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Garmin DriveSmart 65 review: Top-notch navigation

Our Rating :
$236.99 from
£249.99 from
Price when reviewed : £230
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Effective navigation and a host of features, the Garmin DriveSmart 65 is a real driver's satnav


  • Clear 3D directions at junctions
  • Easy to add fuel stops, parking to route
  • Large, crisp, responsive touchscreen


  • Voice control struggles with accents
  • Standard map view is cluttered
  • Expensive

DEAL ALERT: Save £30 on the Garmin DriveSmart 65

Christmas is upon us, which means now is the time to nab yourself a new satnav. The Garmin DriveSmart 65 is currently available for £179: as you’ll see below, we rate the DriveSmart 65 highly, for its clear direction-giving and responsive, high-quality touchscreen.

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Chances are you already own a perfectly good satnav device. It’s the one in your phone and, whether you own an iPhone or an Android handset, it’ll be pretty good, too. So, if you’re even going to consider spending £230 on a separate navigation device, it’s going to have to be impressive.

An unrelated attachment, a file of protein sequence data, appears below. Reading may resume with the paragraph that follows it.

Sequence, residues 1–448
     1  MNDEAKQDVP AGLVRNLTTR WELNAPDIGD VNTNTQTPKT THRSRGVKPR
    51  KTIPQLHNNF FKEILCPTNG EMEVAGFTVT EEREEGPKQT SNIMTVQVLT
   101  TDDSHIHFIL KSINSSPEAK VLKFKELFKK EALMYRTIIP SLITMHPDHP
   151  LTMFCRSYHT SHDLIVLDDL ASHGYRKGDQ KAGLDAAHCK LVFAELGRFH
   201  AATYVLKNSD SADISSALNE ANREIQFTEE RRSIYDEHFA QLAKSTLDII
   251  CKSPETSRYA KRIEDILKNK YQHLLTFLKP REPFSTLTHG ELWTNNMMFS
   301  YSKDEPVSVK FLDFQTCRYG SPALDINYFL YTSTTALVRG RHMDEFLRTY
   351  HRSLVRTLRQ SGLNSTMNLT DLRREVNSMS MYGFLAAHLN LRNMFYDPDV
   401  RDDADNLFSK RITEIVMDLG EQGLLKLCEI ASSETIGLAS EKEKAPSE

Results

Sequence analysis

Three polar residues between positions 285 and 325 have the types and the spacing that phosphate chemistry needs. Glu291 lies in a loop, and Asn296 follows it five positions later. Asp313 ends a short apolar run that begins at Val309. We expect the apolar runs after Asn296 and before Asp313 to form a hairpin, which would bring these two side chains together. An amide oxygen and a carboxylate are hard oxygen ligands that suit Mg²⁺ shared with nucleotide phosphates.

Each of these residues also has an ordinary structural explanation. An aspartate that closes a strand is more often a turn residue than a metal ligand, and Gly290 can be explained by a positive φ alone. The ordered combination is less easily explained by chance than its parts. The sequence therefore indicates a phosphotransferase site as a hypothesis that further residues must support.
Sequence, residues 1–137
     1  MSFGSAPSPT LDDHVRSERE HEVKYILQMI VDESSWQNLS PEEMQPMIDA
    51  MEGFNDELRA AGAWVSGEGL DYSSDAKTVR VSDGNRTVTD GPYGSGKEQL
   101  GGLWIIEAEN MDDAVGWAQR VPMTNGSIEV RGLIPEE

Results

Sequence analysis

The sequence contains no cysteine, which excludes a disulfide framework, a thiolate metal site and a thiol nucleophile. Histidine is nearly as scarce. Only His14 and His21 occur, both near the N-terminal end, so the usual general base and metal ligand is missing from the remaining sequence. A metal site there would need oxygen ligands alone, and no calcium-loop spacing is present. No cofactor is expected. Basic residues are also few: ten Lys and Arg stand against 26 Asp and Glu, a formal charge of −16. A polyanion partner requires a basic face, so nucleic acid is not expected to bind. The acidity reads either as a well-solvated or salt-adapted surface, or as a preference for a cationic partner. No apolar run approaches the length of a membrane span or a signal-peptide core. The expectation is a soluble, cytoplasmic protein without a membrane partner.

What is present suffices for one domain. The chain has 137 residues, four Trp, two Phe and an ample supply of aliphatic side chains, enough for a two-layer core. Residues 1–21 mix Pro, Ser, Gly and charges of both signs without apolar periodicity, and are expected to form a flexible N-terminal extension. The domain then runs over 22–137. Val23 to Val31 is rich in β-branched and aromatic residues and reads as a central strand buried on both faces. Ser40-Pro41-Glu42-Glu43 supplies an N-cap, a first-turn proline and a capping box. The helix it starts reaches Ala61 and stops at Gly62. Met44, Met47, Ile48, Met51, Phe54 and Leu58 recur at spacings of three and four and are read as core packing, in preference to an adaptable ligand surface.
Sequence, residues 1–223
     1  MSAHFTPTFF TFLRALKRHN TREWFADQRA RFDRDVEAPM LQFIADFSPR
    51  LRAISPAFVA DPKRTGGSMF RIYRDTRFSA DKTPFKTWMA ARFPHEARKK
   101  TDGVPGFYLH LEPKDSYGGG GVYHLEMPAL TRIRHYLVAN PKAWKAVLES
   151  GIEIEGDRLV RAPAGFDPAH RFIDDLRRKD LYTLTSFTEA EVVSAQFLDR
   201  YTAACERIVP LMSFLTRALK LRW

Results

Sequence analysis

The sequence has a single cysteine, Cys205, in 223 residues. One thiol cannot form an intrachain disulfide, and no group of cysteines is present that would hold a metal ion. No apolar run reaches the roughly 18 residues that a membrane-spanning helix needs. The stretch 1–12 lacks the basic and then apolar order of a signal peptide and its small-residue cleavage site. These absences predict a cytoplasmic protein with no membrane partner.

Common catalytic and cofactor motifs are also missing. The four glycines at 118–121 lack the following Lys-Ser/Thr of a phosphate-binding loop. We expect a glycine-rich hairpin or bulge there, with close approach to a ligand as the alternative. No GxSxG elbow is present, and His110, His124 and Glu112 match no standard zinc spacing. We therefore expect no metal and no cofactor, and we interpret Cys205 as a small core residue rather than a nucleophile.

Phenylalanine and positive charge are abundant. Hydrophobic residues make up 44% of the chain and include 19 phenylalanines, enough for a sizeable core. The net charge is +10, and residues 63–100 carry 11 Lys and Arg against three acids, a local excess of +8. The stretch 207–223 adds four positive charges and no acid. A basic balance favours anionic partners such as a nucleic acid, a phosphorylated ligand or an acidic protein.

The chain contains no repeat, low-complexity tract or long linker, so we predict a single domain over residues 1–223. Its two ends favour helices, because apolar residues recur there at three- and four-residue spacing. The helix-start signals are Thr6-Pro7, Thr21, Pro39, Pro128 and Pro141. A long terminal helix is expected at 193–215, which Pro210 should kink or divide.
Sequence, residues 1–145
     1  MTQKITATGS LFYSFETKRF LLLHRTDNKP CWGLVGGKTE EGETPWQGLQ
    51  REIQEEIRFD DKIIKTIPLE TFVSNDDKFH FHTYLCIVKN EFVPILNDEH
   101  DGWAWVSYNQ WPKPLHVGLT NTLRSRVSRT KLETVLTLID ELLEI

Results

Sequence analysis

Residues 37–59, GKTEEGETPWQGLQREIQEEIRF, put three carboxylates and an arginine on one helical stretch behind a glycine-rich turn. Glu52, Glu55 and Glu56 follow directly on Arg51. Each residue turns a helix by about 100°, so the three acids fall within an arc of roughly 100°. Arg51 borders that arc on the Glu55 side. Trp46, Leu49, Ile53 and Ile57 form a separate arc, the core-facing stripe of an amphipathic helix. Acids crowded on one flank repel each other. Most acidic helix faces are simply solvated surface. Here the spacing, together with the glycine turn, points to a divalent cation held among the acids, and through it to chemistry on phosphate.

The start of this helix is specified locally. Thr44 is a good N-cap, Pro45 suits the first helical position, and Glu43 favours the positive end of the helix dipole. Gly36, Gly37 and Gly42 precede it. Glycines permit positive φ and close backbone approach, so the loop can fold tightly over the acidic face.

Enter the Garmin DriveSmart 65, a dedicated satnav for your car with a sharp 6.95in display, which promises clear and uncomplicated directions, up-to-the-minute traffic reports, voice control and a long list of additional safety and other features.

If your car is relatively new, most of what this Garmin has to offer is probably already built in. For owners of older cars, however, the DriveSmart 65 offers a very tempting package.

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Garmin DriveSmart 65 review: What you need to know

The DriveSmart’s 6.95in screen size is just about ideal for its purpose. It’s large enough and the screen sharp enough at 1,024 x 600 to clearly show details at tricky junctions, while at the same time remaining compact enough that it shouldn’t obscure the road once mounted on the windscreen.